VA- Houston Home Cookin’

This piece of Houston history, for better or for worse cost $6.  Yikes. Hopefully, vinyl can come down in price in 2018.  Obviously I got this for the hometown connection.

This record was brought to you in 1982 by 97 Rock and Sprite.  97 Rock, (now Mix 96.5) was a rock radio station in the 80’s that brought Houston Moby and Matthews.  Sprite, as always has the great Lymon taste and is one of the few things on this album that is still with us today and will be for another ten years or so. The album alludes to a contest that picked the songs with judges from Sound Warehouse, CBS Records, Cardi’s, Pace Concerts, and the Houston Chronicle among others.  I never heard of most of these bands with the exception of Zen Archer, but then again, I was pretty young when this came out.

For a sample, I went with a band called Z Rocks and a song called “The Teacher’s A Punk”.  I thought it the song will be more anti-authority but the premise is that the teacher likes to cut wild after class is over.  Which is guess is ok since this is the 80’s and no students are involved. Not like today. Anyway, Z Rocks was a three piece band, formed in Houston in 1979 and opened for Duran Duran in 1983.

Despite not really wanting to crap on something local, I really did not like this album although it was probably more a statement about the quality of hard rock music at the time.  Anyway, meh.

Earth & Fire – The Best of Earth & Fire

Well, this is the last album from my latest trip to The City of Diamonds, Amsterdam.  Overall, I was really happy with all the records I bought.  I mean, I could have done better with the spoken word album, but other than that, really great music that I would have not been exposed to otherwise, including this effort, which I bought for 2 Euro.  You are probably thinking the same thing I was thinking when I bought this: What happened to Wind?

Well, I went this year specifically for The Light Festival.  This year was a bit subdued.  I think the poor weather knocked a few of the installations out of commission.  Also, the poor weather kept me from hitting all the exhibits.  But I did see a good chunk of the show.  And overall, it was still interesting.  A red band lit the exhibit’s path over the canals by Chinese artist Al Weiwei, which made navigation a bit easier this year.  And there were some smaller exhibitions off by the Nautical Museum.  Other than that, just another trip to the Dam.  My main complaint (other than the weather) is that it had to end.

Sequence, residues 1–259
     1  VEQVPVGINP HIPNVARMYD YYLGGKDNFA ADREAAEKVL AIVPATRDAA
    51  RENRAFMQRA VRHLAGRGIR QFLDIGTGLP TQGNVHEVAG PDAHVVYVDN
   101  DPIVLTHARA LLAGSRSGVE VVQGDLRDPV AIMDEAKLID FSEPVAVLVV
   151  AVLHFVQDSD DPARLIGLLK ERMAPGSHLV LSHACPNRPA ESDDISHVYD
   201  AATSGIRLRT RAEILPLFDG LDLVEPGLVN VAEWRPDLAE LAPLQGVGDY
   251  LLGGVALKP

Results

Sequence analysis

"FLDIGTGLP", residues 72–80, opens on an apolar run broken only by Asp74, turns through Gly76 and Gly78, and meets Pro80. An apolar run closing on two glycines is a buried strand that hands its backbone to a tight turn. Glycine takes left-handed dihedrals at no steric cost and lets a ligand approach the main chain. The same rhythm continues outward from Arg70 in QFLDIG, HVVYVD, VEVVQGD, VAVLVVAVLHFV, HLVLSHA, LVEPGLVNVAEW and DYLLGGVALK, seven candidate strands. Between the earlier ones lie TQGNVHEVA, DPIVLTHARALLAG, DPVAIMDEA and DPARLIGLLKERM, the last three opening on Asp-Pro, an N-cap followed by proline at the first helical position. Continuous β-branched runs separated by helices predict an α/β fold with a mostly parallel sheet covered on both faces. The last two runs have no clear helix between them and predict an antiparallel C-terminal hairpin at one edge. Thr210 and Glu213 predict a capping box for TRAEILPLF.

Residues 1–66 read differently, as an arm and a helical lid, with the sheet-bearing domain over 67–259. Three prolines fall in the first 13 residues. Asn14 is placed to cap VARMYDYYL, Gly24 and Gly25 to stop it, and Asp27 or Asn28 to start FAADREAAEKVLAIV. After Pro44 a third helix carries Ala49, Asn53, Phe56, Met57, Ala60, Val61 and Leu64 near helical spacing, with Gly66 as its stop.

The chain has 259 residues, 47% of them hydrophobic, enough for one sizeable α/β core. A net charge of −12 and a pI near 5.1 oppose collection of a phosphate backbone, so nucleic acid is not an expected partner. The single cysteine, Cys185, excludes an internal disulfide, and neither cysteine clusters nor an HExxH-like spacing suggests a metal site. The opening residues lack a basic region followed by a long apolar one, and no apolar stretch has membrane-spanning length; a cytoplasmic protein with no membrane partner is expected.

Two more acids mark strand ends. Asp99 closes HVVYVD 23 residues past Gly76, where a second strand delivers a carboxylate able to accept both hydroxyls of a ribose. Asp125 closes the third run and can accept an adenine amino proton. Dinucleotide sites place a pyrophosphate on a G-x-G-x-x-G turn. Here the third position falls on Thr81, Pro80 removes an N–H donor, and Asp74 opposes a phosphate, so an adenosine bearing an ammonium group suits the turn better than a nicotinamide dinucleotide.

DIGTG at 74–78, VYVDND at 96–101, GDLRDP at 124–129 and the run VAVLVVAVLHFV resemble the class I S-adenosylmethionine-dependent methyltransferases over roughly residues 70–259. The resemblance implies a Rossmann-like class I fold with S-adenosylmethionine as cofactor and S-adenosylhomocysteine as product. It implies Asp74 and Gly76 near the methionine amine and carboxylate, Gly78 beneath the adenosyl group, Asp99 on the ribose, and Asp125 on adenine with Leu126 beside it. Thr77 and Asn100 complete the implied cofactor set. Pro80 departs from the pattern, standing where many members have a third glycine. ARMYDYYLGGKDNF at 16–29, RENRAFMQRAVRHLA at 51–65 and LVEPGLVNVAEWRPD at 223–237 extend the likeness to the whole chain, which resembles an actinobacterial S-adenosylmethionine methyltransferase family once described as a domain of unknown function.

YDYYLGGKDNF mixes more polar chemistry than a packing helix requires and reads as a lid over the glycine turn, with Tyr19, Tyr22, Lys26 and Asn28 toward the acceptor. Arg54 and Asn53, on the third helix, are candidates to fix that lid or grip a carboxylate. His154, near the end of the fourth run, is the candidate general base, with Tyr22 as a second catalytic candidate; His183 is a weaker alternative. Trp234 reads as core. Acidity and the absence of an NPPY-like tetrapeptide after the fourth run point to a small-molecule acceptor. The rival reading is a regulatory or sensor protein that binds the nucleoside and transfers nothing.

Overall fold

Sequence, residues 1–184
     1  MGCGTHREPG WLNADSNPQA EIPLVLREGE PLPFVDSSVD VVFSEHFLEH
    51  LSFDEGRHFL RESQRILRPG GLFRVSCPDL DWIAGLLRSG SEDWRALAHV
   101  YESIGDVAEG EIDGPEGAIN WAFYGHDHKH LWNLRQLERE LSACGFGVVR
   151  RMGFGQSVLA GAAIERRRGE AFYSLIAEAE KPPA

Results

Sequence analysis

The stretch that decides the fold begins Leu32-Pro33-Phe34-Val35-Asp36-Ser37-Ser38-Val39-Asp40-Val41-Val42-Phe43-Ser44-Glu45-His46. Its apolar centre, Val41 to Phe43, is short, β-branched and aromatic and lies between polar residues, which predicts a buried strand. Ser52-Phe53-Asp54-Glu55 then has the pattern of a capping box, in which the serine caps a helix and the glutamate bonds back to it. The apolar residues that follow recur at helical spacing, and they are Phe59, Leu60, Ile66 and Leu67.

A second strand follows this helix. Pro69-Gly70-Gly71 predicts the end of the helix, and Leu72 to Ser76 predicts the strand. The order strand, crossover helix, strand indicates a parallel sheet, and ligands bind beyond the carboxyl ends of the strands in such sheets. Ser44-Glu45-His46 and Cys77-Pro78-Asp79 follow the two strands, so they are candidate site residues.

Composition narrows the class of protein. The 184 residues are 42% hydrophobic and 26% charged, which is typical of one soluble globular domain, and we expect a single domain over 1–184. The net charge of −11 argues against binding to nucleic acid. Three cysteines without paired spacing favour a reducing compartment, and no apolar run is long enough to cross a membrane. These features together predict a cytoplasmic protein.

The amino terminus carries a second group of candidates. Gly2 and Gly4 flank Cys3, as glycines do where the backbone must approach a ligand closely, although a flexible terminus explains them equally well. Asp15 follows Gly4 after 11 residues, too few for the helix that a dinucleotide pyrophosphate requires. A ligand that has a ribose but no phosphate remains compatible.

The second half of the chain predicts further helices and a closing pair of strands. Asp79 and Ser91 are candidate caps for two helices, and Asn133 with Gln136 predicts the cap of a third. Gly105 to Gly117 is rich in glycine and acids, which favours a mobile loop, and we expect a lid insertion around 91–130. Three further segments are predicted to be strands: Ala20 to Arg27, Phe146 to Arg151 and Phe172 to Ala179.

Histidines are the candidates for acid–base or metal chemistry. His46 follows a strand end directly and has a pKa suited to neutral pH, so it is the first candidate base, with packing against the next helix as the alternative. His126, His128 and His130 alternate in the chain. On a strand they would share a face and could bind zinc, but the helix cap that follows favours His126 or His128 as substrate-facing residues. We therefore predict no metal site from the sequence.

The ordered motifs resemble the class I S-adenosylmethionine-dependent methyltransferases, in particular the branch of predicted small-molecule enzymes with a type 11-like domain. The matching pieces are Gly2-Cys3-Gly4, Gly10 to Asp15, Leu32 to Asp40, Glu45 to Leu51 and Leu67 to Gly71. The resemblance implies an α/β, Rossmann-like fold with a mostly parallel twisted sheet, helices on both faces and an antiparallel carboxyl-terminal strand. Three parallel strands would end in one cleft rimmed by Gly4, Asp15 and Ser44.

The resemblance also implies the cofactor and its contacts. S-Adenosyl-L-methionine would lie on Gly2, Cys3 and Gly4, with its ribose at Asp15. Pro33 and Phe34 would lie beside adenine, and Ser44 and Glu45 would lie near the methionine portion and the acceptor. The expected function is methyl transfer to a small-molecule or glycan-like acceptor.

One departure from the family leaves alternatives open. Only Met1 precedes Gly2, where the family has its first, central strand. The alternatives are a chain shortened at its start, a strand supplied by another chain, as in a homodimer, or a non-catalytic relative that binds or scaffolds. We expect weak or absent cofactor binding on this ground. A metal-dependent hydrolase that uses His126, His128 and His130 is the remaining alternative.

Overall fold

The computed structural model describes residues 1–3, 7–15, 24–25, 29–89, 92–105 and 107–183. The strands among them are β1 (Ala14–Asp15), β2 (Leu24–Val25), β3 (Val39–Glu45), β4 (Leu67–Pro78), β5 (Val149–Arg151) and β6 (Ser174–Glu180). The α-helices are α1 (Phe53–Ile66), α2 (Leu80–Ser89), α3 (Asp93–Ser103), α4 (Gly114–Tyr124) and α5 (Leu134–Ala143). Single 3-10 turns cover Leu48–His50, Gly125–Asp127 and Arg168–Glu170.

On to this, Earth & Fire were a Dutch progressive rock band (or beat band) formed by the Koerts Twins in 1968.  The two had been performing for some time in the 60’s and eventually formed this venture.  After some initial success, and a slot opening for Golden Earing, vocalist Jerney Kaagman joined the band and their first album became a success.  They were huge in the Netherlands and in Germany but never really gained fame in the US or England.  With changing tastes, the band changed personnel in the late 70’s, disbanding in 1983 with a few reunions following thereafter.

I must say I really, really liked this album.  Plus (and this is me being selfish), it is in English.  Very good progressive rock. Great vocals as well as good music.  Very guitar driven at the beginning but the music seemed to move more towards keyboards as tit got later in the 70’s.

Oddly enough, like yesterday’s post, the band’s most successful single, “Weekend” came out right after the release of this album.   It should be noted that it sounds nothing like the songs on this album.  This album, by the way, came out in 1979.

I could have used the whole album as samples, but decided to try and show some restraint.  Therefore, I am going with “Memories”, “Wild and Exciting”, and “Seasons”.

I truly thought this album was going to be crap.  I mean real crap.  So I was really blown away when I heard this.  Most definitely a top rated record.